I was planning a traditional career, but sometimes life takes us to some unexpected places.” When she branched out from hobby to charging others for her services, she started with house calls on the weekends. Gray-Nelson laughs, “Have truck, will train — you know?
Camilla has over 50 years experience with animals (she grew up on the farm!). She has trained, bred and shown dogs since 1989 and brings this broad background and knowledge of dog behavior to her clients and her business. Her life-long understanding of the animal mind helped her develop what has become her signature style of natural dog training and voice control, now simply referred to as the “Dairydell Method”. Camilla and her Dairydell Method have been featured in numerous newspaper and magazine articles, as well as on San Francisco TV’s Evening Magazine and View From the Bay. Camilla loves teaching – whether it’s dogs, their owners, or the horses you see her riding in Dairydell’s beautiful arena. When she’s not training, teaching or riding, Camilla is writing about her favorite subject: dogs and their people! Camilla holds professional memberships in both the National Association of Dog Obedience Instructors (NADOI) and the International Association of Canine Professionals (IACP).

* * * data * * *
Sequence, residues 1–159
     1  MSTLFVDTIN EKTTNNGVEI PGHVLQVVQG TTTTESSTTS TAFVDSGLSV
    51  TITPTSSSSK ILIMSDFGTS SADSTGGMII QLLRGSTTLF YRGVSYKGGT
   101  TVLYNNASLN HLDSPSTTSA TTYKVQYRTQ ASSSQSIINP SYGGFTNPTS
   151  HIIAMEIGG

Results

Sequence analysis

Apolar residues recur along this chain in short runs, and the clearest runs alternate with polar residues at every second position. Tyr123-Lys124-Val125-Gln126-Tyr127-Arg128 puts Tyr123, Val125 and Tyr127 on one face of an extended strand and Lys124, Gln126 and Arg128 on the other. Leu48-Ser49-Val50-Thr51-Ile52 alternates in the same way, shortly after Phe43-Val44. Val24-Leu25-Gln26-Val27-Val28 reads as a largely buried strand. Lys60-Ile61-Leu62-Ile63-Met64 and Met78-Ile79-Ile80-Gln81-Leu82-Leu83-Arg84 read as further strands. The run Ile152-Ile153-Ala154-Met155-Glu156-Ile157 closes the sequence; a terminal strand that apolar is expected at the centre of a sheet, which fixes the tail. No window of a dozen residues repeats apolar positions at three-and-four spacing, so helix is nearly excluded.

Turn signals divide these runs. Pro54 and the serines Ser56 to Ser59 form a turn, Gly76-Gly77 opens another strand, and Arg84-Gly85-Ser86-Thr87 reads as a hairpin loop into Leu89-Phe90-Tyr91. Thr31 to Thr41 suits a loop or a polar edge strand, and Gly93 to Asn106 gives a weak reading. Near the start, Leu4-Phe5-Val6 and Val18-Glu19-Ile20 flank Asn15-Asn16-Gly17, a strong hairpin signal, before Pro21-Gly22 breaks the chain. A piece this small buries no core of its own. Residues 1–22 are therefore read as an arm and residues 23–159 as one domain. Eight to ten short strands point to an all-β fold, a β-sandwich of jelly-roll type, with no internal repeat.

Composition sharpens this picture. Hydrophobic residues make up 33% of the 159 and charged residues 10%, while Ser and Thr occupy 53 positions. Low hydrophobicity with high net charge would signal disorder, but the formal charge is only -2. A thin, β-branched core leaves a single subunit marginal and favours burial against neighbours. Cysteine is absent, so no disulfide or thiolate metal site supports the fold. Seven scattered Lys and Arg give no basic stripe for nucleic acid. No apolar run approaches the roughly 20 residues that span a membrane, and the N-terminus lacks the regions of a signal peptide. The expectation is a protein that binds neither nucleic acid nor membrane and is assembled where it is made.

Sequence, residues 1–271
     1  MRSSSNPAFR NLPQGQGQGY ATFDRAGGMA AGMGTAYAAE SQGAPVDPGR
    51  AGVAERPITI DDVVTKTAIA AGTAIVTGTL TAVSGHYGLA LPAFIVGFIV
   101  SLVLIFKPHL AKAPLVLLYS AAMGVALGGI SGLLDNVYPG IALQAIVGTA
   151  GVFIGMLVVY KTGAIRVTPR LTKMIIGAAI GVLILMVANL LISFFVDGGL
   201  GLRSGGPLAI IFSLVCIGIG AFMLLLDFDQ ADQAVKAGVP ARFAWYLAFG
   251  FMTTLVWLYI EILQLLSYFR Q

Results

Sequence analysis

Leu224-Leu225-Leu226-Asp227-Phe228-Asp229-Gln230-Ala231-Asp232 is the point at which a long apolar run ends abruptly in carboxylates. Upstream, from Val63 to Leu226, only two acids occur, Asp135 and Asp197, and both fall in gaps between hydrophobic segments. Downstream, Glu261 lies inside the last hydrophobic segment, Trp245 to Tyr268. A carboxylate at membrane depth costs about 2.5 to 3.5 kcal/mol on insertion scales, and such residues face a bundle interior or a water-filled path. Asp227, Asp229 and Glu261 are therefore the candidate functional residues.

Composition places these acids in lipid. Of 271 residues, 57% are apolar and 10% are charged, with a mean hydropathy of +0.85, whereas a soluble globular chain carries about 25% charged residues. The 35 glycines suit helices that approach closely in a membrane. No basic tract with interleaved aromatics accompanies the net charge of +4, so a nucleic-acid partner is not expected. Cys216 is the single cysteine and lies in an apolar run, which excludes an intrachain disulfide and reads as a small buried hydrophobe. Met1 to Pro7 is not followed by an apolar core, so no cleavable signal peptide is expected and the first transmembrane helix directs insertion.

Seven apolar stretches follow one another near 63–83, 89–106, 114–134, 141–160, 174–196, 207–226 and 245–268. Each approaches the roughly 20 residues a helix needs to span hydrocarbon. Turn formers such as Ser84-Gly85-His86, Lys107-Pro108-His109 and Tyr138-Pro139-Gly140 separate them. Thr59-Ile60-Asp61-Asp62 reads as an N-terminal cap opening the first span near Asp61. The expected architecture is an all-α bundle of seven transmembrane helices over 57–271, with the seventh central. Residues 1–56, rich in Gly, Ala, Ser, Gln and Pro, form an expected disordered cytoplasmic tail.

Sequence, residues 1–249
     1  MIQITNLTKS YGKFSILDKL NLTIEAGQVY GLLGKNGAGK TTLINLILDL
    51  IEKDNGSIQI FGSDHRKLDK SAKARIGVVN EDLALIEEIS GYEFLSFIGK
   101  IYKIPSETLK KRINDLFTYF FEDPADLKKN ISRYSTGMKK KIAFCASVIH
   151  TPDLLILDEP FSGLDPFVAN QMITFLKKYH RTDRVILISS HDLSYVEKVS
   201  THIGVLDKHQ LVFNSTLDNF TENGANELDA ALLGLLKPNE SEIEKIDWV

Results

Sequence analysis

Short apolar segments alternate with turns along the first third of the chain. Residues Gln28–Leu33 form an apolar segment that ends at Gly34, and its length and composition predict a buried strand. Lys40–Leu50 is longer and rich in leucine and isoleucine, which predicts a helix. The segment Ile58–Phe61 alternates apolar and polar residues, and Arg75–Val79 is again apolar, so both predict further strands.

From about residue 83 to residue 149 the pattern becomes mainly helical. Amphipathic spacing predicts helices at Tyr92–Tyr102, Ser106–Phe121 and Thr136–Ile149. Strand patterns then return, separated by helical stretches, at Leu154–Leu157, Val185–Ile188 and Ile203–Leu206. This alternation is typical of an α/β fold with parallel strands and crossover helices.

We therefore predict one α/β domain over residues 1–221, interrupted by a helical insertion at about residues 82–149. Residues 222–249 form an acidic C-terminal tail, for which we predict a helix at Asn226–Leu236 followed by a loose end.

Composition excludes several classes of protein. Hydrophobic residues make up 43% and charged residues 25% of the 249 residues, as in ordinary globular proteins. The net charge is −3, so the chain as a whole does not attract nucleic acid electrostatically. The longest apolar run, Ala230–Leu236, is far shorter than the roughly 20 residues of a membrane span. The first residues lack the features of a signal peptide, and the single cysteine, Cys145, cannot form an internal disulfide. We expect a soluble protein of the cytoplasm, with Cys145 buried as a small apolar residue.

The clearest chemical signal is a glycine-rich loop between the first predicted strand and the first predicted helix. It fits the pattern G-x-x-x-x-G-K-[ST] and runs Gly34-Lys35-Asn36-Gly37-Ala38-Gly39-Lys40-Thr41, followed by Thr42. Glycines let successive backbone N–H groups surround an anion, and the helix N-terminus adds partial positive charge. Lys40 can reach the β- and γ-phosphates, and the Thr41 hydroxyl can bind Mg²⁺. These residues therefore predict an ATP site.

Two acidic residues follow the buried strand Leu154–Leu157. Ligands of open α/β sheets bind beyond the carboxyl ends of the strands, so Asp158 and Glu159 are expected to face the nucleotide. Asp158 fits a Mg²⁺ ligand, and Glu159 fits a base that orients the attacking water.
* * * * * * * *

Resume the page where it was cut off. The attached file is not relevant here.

Camilla Gray-Nelson, author of Lipstick and the Leash, discusses how women are saddled with the responsibility of dog training in over 70% of homes. She discusses dog training for women and teaches follow-through by way of a training can and more.
Camilla Gray-Nelson: “74% of the time [in most households / families], the woman is in control of the dog. Many times, however, they have a hard time controlling the dog and there are some natural reasons for that. That’s where I step in and try to empower women and try to channel their inner dog trainer and their inner leader…”
I didn’t have any friends with two legs until I was in junior high. But, the advantage of that looking back now, because everything I do in the dog world in training, is based on how animals communicate naturally with each other. And if I didn’t have that background, I wouldn’t know that language.
The plethora of doggie daycare centers around the country in the last few years is nothing short of mind-boggling. But with the popularity of daycare services for dogs, there comes an unrealistic expectation – that all dogs can and should be social with others
When we give our dog too much freedom – the freedom to patrol the entire yard or property while we are gone, the freedom to hike off leash without voice control, the freedom to roam about the house and explore with no restrictions, the freedom to sniff, pull, and investigate at will on our walks…we are sending a potentially dangerous message!
In my preceding post, I explained how to stop your dog from jumping on you. Now, I’ll give you my favorite tip for solving another jumping problem: Your dog jumping on guests.